Tuesday, December 11, 2007

Tonight, at gym #1 (shitty, neighborhood gym), I wrapped up my workout and was packing up my junk to head out when, "On Top of the World" by The Carpenters started piping in through the gym stereo.

Everyone shared a chuckle.

It got louder and louder.

People grew annoyed.

It stayed that volume for the duration of the song as gym members grew surly and impatient. Soon, they wished to be on top of someone's skull with a crowbar.

As I exited though, and the song wound down to it's final measures, smiles grew on everyones' faces that I looked into.

As I climbed into my car, I whistled a familiar tune through my teeth.

I decided that I like this song.

Monday, November 26, 2007

Everyone gets to have a "first job". For some, it happened in college. For others, well, they're still waiting for it to come (ATTENTION ACTORS: YOU DO NOT HAVE A REAL JOB).

My first line of employ was at White Hen Pantry® on Roosevelt Road in Westchester, Illinois. I don't recall exactly HOW I landed the gig, but somehow, I found myself behind the counter at this convenience store several days/nights per week, stocking shelves, printing lotto tickets, selling beer and cigarettes, all at the age of 15.

Good days.

The owner's name was Tom Vertovec, and he was a pleasant mustached man with a smooth, calm tone to his baritone voice no matter how desperate the situation to get more Hostess products to the shelves. Working with me: Chris, the oversexed 21 year old; Liz, the other oversexed 21 year old; Missy, the oversexed 22 year old, and Adam; the slightly slow gentleman whose talk of "PRETTY, YOUNG GIRLS" entranced me, as he was always speaking about women over 40 when using that terminology.

Sundays, I'd arrive pre-dawn and stuff Chicago Tribunes and Sun Times for early morning customers. I'd spend countless hours in the walk-in freezer refilling milk, soda, and beer for thirsty suburbanite Chicagoans, breaking down boxes, stealing lunch meat for meals, and goofing with my fellow employees.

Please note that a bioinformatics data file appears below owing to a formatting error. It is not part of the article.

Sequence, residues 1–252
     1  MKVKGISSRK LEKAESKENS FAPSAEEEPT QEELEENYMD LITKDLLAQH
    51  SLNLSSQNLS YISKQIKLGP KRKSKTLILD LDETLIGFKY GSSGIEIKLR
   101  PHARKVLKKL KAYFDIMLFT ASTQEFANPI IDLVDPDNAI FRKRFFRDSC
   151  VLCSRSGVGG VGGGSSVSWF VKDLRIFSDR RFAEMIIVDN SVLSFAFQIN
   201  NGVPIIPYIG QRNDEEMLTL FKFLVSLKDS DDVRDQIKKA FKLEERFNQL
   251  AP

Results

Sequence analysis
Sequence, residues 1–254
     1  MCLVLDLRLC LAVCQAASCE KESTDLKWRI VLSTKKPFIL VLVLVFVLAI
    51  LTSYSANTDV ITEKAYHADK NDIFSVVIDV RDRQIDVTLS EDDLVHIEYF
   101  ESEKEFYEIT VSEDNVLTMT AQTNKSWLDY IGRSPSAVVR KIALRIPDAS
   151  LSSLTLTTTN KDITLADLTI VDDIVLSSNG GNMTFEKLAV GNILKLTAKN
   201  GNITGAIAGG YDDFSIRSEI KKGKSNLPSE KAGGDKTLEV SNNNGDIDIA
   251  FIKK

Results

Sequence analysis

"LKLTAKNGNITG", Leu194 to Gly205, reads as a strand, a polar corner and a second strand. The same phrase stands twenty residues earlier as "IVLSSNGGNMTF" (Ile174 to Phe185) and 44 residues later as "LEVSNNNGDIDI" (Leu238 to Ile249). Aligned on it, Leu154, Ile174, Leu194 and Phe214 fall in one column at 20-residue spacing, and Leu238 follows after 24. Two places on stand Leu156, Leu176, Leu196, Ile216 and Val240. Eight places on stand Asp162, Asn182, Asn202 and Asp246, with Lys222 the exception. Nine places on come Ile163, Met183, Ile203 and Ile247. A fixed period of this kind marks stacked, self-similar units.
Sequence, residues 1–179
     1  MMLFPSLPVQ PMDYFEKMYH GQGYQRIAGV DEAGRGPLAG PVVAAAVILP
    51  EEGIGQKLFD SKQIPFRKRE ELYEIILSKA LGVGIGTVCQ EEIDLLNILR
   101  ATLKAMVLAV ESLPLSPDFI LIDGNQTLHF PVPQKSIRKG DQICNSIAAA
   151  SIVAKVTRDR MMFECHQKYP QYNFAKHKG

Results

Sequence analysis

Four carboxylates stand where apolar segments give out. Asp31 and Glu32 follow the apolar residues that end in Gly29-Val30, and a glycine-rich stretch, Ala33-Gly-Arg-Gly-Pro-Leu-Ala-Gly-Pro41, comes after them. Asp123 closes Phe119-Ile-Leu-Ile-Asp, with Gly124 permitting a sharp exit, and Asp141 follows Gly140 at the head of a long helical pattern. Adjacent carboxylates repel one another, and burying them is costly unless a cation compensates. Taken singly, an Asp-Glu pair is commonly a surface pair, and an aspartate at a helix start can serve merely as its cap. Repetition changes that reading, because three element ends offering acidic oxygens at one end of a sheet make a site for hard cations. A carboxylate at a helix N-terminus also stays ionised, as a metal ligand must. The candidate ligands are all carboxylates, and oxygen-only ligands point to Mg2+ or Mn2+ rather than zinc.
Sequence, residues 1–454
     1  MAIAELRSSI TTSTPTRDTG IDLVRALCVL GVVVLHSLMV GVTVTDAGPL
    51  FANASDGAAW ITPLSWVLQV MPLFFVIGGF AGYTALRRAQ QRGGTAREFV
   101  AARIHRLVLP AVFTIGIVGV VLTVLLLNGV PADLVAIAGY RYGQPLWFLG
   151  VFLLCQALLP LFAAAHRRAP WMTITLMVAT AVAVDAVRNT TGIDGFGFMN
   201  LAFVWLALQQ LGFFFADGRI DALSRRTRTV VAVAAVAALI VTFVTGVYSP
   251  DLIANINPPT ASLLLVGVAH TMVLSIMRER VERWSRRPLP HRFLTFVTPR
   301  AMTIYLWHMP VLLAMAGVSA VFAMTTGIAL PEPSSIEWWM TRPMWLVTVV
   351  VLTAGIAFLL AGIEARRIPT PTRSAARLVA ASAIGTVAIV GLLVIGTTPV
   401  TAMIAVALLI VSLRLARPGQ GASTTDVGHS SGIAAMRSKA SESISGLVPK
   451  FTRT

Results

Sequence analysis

I remember not being very happy that I had a job at times, since I *could* be out and about...welll....doing....something else. I suppose this is why it's important to have a job as a teenager. You can't do much at 15 without a driver's license.

I carried the job from sophomore to junior to senior year, rarely missing a shift, until, inexplicably, one day, Tom had the store taken away from him by corporate.

I moved on to other odd jobs my final year of high school, but none had the sense of camaraderie that the White Hen® on Roosevelt once possessed.

Ann and I, during our trip to Chicago for Thanksgiving last week, stopped by the ol' Hen (we never called it that) and found out that all White Hens® are to be converted to 7-11s within a few months.

How easily time alters our lives. But how wonderful the memories.

Wednesday, November 14, 2007

Tonight, I did my first swimming cross-training at 24 Hour Fitness. As previously mentioned, I also belong to my beloved shitty, local gym, but alack, as a shitty, local gym, it doesn't contain a pool. Or very much equipment. But I needed a pool, so I signed up for 90 days at the bohemoth located nextdoor to the Arclight Cinema and headed over this evening after work.